At a rock ’n roll party at the Agora, Cleveland’s venerable rock palace, 200 patrons gathered for Giving Kids Hope, a home-grown nonprofit that aims to make a big difference in the health of children worldwide. The de facto host, Dr. Mitch Drumm, Ph.D., is a professor and researcher at Case School of Medicine, and a catalyst for lab research, but also a leader for this special event.
A mad scientist vibe, with bartenders in lab coats and bubbling vials of…something decorating the open bar, folded nicely into the rock theme with guests in leather jackets, slinky mini-dresses, super high heels, and a variety of bad boy/bad girl outfits. Yes, black nail polish included. Call it rock out for research, as many of the guests really are scientists at Case where they examine how genes create or affect various conditions and diseases.
The fundraiser progressed nicely from cocktails and passed hors d’oeuvres. A silent auction, wine auction plus a vacation raffle all took place before guests moved to the main concert hall for a sit-down dinner by Thyme Catering, presentations and a highly entertaining live auction.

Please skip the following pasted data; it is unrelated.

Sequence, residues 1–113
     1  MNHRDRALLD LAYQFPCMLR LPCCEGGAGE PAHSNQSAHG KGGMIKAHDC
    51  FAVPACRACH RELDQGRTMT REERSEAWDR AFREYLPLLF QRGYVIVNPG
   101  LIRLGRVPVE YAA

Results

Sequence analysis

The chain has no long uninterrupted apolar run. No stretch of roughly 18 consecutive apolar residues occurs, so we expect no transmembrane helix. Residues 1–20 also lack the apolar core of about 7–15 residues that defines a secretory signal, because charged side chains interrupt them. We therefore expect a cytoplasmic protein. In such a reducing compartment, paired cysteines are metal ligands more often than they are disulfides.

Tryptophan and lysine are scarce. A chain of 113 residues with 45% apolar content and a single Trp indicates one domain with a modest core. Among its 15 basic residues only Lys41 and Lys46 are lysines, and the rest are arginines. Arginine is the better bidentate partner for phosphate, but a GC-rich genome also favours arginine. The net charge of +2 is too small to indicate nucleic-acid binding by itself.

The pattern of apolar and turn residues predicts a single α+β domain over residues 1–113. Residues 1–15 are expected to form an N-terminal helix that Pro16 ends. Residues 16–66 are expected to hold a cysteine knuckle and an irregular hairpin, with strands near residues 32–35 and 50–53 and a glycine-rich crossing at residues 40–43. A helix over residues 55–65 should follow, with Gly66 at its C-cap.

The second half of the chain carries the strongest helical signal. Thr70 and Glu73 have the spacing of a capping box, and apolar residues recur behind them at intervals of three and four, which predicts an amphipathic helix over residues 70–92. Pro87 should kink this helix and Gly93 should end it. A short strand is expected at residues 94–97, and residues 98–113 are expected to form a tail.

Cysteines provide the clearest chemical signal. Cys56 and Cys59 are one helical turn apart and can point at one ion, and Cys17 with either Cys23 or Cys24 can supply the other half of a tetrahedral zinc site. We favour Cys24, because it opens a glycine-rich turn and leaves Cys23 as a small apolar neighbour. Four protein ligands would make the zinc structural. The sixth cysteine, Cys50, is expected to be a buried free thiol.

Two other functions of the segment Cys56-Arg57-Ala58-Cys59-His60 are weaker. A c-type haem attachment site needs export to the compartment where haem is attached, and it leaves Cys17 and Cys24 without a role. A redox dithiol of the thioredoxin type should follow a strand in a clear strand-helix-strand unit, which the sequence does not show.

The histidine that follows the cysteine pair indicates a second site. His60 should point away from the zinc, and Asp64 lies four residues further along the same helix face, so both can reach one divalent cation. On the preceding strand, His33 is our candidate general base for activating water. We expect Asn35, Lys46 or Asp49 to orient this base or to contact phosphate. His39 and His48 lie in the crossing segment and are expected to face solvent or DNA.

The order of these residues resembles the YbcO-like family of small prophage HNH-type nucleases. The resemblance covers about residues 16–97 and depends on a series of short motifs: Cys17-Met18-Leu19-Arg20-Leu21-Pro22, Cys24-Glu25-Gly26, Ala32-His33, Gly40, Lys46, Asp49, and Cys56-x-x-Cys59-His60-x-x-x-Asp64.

Honored at the event was Dr. Pamela Davis, Dean of Case Medical School. In a pre-dinner interview Dr. Davis praised the work Drumm and his team are doing. “Mitch is part of a huge national effort that’s been working to conquer cystic fibrosis (CF) for 40 years,” she said. “We all have 15 genes that could be lethal if they are not matched up. Most escape, but that is not true for some kids. The CF model is a prototype – we learned from that process how to approach cells and how to test and seek new drugs for 21 different genetic disorders. And we are very close,” she added.
After dinner an appropriately raucous live auction took place (this IS rock and roll after all) skillfully guided by host WKYC’s Monica Robins and auctioneer David McCreary – who auctioned off his own stylish belt for $150. Bidding was intense but good-natured for items including a food truck party, be a ‘researcher for a day,’ or the chance to sing or play the cowbell live with Hard Days Night, The Beatles tribute band that later rocked the house.
Funds raised will be used to create state-of-the-art labs, to support the ongoing research and to encourage students to become part of the team that works to more rapidly develop therapies for genetic-based disorders. STORY AND PHOTOGRAPHS BY RITA KUEBER